Barry Robinson is an Elder in and pastoral worker in the Greater London area, particularly the Camberwell and North London congregations of the Grace Communion International.

Local Congregation:
Grace Communion International Central London
Indian YMCA
Mahatma Gandhi Hall
41 Fitzroy Square

Meeting Time:
Saturday 2:30pm

Local Congregational Contact:
Barry Robinson
Email: london@gracecom.church

28th December 2018

God is the Registrar

“An account of the genealogy of Jesus the Messiah, the son of David, the son of Abraham.”
Matthew 1:1 (NRSV)

Over the years I have read through the Bible on a number of occasions using different programs including chronological order, daily selections from the Old and New Testaments, etc. It is about finding a pattern that suits you and being disciplined to the 15 minutes a day to compete the readings. However, no matter what the system, the genealogies always get a cursory reading. I, like many others, speed read or skip over it. Yet the Bible writers inspired by the Spirit in both Testaments regarded it important that we have these lists. Matthew and Luke felt it important that the early church have a record of Jesus’ lineage.

In more recent times there has been an increase in people tracing their genealogy and also doing DNA genetic testing to find out about their heritage. We also have programmes on TV like ‘Who do you think you are?’ which reveals some secrets of the past for the guest. On another programme we see these tests used to determine paternity for the children in question. These examples tell us that identity, history and recognition are all important to who we are.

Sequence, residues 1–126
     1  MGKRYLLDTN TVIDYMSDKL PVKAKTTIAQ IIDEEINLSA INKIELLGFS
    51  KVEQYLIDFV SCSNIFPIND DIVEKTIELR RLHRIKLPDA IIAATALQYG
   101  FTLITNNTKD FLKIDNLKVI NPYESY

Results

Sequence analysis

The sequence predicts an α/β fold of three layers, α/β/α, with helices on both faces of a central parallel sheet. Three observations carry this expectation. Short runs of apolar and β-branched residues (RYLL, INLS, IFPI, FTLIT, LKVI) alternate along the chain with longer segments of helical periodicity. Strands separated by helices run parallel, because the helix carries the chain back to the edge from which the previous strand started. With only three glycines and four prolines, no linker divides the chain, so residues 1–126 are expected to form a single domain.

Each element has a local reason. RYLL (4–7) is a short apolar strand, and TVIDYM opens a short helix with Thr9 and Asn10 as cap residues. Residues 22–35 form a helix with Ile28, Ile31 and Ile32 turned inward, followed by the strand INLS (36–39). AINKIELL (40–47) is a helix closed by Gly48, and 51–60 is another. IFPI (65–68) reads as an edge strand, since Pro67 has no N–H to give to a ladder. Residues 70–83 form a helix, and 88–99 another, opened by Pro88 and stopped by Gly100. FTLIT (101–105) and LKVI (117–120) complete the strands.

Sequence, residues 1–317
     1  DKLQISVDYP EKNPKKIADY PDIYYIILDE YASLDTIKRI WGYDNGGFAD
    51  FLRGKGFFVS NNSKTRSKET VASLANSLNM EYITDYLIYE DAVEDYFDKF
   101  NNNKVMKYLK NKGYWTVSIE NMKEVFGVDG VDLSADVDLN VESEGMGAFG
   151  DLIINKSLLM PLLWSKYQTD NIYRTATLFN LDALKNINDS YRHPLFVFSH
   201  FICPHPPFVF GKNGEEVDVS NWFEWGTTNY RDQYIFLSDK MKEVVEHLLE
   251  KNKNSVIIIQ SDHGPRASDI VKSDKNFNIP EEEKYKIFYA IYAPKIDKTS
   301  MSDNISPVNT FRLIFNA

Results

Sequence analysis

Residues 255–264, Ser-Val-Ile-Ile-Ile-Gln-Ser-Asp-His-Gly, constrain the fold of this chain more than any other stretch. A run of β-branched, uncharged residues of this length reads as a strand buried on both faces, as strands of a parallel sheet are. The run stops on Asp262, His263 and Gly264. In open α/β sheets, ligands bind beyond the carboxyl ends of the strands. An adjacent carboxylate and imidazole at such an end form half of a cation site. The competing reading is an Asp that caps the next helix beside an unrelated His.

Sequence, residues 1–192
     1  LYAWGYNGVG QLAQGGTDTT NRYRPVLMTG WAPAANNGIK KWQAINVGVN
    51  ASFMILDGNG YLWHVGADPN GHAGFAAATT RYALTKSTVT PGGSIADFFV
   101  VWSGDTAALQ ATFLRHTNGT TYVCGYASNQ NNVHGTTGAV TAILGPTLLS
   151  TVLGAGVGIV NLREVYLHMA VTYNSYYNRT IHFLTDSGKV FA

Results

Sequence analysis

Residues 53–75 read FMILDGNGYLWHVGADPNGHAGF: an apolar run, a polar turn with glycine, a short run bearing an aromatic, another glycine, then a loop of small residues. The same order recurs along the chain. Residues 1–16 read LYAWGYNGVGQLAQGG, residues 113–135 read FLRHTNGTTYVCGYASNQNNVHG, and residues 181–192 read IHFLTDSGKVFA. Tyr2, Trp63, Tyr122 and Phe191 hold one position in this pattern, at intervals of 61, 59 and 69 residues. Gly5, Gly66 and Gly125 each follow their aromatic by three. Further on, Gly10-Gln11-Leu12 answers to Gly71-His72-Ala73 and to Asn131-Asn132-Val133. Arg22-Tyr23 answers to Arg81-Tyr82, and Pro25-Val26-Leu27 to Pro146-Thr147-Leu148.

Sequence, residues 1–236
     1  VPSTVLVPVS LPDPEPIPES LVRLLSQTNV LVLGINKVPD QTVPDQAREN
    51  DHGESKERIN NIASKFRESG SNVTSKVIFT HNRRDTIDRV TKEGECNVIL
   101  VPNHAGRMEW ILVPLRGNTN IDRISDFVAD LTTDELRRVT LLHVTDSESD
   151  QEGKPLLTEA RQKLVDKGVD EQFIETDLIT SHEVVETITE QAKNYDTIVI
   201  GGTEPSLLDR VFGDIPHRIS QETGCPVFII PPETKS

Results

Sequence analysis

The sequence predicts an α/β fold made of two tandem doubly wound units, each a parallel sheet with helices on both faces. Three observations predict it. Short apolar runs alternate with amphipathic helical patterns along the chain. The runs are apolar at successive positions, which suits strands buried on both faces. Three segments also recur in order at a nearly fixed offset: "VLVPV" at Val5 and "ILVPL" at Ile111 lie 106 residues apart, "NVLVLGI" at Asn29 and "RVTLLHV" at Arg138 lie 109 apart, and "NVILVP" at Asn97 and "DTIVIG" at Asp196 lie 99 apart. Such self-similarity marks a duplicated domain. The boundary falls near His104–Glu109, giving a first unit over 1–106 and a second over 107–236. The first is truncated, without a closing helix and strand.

At this time of year many will focus on Jesus – reading and enacting the nativity story, singing carols and getting together. It remains vitally important to remember who Jesus really is and also who we are. Matthew’s genealogy links Jesus back to Abraham which connects us to the God of covenant, promise and faithfulness who said, “… and in you all the families of the earth shall be blessed” (Genesis 12:3). Paul picks up the theme confirming our lineage and identity in one of his epistles. “And if you belong to Christ, then you are Abraham’s offspring, heirs according to the promise” (Galatians 3:29).

I would conclude that our names are therefore included in the genealogical table, as we are children of God. Our genealogy is a rich and diverse tapestry in which each of us has a special place because we were chosen, known and remembered by God. Each name tells stories of God’s involvement, love and vision for humanity as a whole and me as a person. God is the Registrar whose hand is actively involved in writing and keeping the genealogical records.

As we pray, we call you Father because our life flows from you. Thank you that we are chosen and you call us by name.

Study by David Gibbs

About the Author:
David Gibbs in an Elder and Pastoral Worker for Grace Communion International in Central England and South Wales.